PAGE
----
The Fight to Stop Trans Mountain is Far from Over
Today, the Federal Court of Appeal dismissed significant Indigenous legal challenges to Trans Mountain: a disappointing decision that vitally affects the First Nations on the pipeline and tankers route, and cuts deep for many of us.
The 100-page decision focused primarily on a narrow range of issues allowed to be litigated in the judicial review, limiting the review mostly to issues of process. The court did not engage in many of the issues raised by the applicant First Nations, such as oil spills, or the fate of Orca whales.
Yet the Tsleil-Waututh Nation, Squamish Nation, and Coldwater Indian Band brought an unanimous message of strength and determination as they filed in to issue their statements to the press to the sound of drumming and singing. Chief Leah George-Wilson of Tsleil-Waututh, Squamish councillor Khelsilem and Chief Lee Spahan of Coldwater all echoed that “This is not a done deal.” Khelsilem called on allies and friends in B.C., Canada and around the world to “continue standing with the Nations” in the ongoing fight for the “survival and viability of our society now and in the future.”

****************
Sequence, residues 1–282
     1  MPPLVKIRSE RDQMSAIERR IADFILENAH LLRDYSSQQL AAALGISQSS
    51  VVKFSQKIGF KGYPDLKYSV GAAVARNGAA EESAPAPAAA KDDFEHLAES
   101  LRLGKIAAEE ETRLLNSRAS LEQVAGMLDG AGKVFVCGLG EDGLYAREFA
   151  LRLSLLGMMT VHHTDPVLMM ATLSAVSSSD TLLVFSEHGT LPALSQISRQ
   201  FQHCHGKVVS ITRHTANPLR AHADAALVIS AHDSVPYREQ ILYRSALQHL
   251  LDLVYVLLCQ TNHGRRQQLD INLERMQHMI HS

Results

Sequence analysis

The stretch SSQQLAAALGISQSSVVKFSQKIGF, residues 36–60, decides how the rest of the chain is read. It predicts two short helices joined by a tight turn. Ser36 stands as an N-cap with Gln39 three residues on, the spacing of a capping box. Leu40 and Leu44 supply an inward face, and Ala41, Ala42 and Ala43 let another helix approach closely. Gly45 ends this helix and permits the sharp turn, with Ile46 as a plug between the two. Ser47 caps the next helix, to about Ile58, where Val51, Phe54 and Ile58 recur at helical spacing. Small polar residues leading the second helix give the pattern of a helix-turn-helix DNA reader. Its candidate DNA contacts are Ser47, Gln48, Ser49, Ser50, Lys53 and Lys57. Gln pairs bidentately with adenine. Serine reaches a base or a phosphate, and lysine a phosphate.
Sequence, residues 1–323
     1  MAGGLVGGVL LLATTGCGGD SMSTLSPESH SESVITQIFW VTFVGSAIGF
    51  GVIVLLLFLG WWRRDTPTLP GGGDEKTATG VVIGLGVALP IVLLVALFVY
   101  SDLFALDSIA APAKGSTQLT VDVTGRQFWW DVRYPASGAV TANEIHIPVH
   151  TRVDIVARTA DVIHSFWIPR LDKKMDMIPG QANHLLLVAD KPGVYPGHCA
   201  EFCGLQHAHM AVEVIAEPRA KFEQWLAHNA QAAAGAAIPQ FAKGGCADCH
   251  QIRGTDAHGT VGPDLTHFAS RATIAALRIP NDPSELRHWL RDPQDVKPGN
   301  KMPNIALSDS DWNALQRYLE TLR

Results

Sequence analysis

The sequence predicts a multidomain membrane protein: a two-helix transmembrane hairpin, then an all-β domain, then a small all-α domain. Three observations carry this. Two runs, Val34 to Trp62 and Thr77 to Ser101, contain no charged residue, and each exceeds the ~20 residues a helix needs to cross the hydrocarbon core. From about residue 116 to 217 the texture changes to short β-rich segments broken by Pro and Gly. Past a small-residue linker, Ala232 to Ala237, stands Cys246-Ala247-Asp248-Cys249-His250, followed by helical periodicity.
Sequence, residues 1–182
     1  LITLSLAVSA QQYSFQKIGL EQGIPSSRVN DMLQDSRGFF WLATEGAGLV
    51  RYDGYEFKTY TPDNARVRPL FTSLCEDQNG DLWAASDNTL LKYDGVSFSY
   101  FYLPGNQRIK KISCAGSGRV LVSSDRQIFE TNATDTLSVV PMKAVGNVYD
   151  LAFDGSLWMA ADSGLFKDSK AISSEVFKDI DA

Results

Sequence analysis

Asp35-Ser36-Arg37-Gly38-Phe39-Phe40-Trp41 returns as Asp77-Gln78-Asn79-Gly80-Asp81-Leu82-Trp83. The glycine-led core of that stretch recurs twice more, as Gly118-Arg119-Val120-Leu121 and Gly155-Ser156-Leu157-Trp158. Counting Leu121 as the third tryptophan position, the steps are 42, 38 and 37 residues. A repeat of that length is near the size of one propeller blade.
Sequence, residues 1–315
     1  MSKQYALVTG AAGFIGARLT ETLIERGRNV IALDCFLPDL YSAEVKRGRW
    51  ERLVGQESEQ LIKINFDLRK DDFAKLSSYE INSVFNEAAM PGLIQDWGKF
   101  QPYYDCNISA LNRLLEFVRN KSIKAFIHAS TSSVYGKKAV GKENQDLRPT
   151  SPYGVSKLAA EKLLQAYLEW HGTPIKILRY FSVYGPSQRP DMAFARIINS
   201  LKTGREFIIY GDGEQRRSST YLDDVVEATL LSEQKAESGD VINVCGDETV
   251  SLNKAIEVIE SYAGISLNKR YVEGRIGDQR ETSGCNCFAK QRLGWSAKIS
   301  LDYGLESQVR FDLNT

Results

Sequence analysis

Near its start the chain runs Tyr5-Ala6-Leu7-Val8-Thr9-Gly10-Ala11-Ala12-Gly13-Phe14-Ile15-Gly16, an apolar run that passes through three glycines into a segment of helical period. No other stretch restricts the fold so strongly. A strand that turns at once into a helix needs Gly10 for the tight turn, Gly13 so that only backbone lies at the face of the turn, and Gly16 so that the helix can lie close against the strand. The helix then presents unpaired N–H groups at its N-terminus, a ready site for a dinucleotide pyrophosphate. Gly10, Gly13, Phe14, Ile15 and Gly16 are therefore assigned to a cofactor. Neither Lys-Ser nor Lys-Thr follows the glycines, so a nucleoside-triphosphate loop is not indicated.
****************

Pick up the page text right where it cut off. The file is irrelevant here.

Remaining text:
What happens next? Tsleil-Waututh and Squamish Nations have already sought leave to appeal to the Supreme Court of Canada, challenging an earlier Federal Court of Appeal decision to substantially narrow the scope of the Judicial Review. That Supreme Court decision is pending, and in the meantime the Nations are reviewing all the other possible legal options.
As Chief Leah George-Wilson said, our work is not done. Will you lean in now to support the Nations? Please give today. Together, we can ensure First Nations have the resources and staying power they need to see this historic court battle through.
Want to know more about what this decision means for Indigenous Nations, and the path forward? Please join us for an interactive webinar with Eugene Kung, staff lawyer with West Coast Environmental Law, next Tuesday, February 11, at 5 p.m. PST. RSVP here.